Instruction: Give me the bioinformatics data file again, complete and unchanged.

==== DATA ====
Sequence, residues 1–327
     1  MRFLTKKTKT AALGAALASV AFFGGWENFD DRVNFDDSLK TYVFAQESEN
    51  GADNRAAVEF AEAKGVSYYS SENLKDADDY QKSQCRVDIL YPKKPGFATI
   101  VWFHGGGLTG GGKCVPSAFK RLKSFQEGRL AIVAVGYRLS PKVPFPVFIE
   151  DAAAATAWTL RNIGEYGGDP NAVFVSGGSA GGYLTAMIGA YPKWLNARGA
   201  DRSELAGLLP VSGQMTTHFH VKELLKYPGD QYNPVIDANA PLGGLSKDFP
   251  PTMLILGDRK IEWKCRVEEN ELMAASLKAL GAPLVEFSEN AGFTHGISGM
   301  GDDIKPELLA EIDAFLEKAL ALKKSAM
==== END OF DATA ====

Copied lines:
Sequence, residues 1–327
     1  MRFLTKKTKT AALGAALASV AFFGGWENFD DRVNFDDSLK TYVFAQESEN
    51  GADNRAAVEF AEAKGVSYYS SENLKDADDY QKSQCRVDIL YPKKPGFATI
   101  VWFHGGGLTG GGKCVPSAFK RLKSFQEGRL AIVAVGYRLS PKVPFPVFIE
   151  DAAAATAWTL RNIGEYGGDP NAVFVSGGSA GGYLTAMIGA YPKWLNARGA
   201  DRSELAGLLP VSGQMTTHFH VKELLKYPGD QYNPVIDANA PLGGLSKDFP
   251  PTMLILGDRK IEWKCRVEEN ELMAASLKAL GAPLVEFSEN AGFTHGISGM
   301  GDDIKPELLA EIDAFLEKAL ALKKSAM